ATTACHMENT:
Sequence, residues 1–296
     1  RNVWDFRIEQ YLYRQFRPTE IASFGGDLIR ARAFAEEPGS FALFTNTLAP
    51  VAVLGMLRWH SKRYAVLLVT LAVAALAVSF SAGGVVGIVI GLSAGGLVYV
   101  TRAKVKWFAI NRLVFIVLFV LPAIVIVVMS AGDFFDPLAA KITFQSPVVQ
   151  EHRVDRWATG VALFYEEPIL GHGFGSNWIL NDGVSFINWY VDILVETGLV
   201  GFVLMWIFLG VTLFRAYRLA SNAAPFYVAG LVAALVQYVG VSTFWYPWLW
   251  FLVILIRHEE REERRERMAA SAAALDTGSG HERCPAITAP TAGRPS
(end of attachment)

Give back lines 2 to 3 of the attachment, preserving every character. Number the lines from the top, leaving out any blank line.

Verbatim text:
     1  RNVWDFRIEQ YLYRQFRPTE IASFGGDLIR ARAFAEEPGS FALFTNTLAP
    51  VAVLGMLRWH SKRYAVLLVT LAVAALAVSF SAGGVVGIVI GLSAGGLVYV